There are many ways to dissect the Los Angeles Kings' 3-0 series lead in the NHL's Western Conference final, but the easiest is probably this: One player, Kings' rookie Dwight King (a player that few had ever heard of before the 2012 playoffs began) has scored more goals in the series (four) than the entire Phoenix Coyotes have (three).
It doesn't matter how well the Coyotes defend at this stage of the game. If Phoenix wants to avoid a sweep in Sunday afternoon's fourth game at Staples Centre, they'll simply need to score more goals. All the talk about diving and embellishment is just window dressing. Somebody on the Coyotes' side needs to get more pucks behind Kings' goaltender Jonathan Quick, a Vezina Trophy finalist, who is winning the netminding duel so far in the series.
According to Coyotes' coach Dave Tippett, the first period of Thursday night's third game – in which Phoenix actually held an edge on the shot clock and played its most inspired hockey of the series – was really the only time they made life hard for Quick.
"Until we continue to test him for an extended period of time," said Tippett, "he hasn't had it very tough down there.
"They've done a good job of protecting him, but I don't think we've created enough around him.
"That's the thing I'm most critical of our group about – finding opportunities."
The Coyotes will get centre Martin Hanzal back for the fourth game, after he served a one-game suspension for checking Kings' captain Dustin Brown into the boards from behind. From his press-box perch, Hanzal praise for what he saw from the Kings – a team that quickly rallied from a one-goal deficit in Thursday's 2-1 win and dominated the play in the second half.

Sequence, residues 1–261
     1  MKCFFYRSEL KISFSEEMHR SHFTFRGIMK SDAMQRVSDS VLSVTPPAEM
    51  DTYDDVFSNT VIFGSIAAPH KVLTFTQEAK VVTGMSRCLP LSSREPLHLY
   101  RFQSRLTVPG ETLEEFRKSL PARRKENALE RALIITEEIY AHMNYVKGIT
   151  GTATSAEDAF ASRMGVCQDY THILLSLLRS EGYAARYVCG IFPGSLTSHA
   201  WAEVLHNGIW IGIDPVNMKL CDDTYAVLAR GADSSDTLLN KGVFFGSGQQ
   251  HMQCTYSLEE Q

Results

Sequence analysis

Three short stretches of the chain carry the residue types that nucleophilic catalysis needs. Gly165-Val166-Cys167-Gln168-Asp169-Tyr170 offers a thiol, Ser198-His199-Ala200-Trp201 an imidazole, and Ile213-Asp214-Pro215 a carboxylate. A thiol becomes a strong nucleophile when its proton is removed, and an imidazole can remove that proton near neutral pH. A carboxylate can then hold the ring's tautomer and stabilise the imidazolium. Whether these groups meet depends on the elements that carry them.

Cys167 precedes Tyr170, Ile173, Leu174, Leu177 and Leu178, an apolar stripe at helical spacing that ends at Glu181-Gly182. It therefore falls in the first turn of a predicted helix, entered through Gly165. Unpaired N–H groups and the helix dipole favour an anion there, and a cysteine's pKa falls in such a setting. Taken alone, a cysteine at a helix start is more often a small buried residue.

"They have a good team, a very good team," said Hanzal. "They have a great goalie, a great defence. They did something good because they beat Vancouver, St. Louis and now they're beating us 3-0.
"But we still have a chance. That's why they call it a best-of-seven. We've got to beat them Sunday."
If the Coyotes do force a fifth game, it will be back in Glendale on Tuesday night. If not, L.A. could earn a week or more on the sidelines, awaiting the winner in the Eastern Conference match-up between the New York Rangers and the New Jersey Devils. Thus far in these playoffs, the Kings have used their rest intelligently, without losing their edge. On Friday, coach Darryl Sutter gave the majority of his regulars the day off. They were back at practice on Saturday, in preparation for a game that begins at 12 noon Pacific time.
The Kings have held a 3-0 lead in each of the previous two series, and only the Canucks were able to extend it to five.
Defenceman Rob Scuderi played for the Pittsburgh Penguins in 2008, a team that had a similarly almost uncontested run to the Stanley Cup final. But when the Penguins got there, they promptly dropped the first two games – both shutout losses – and ultimately were defeated in six games. The next year, they turned the tables on Detroit and won.
According to Scuderi, he hasn't thought too much about the similarities between now and then, noting: "You'd rather have a lead in a series than to be in a battle constantly. The only thing that might be a little bit of a battle is when you have too much time off and are trying to get right back at it, especially in a conference final or a final, whatever round you're going to next.
"Sometimes, too much time off a little bit of a pain."
The Kings could make one line-up change for Sunday's game, after centre Colin Fraser returned from a quick trip home to deal with a family matter. If Fraser goes back in, Sutter could drop Kyle Clifford from the line-up.
For the Coyotes, Hanzal will go back in and defenceman Adrian Aucoin is a possibility as well. Aucoin says he's physically ready to go; and it will be up to Tippett to decide if he'll be activated or not. Rookie defenceman Michael Stone played the last two games, after David Schlemko played the opener.
"Obviously, I'm hoping to play," said Aucoin. "It's been real frustrating watching."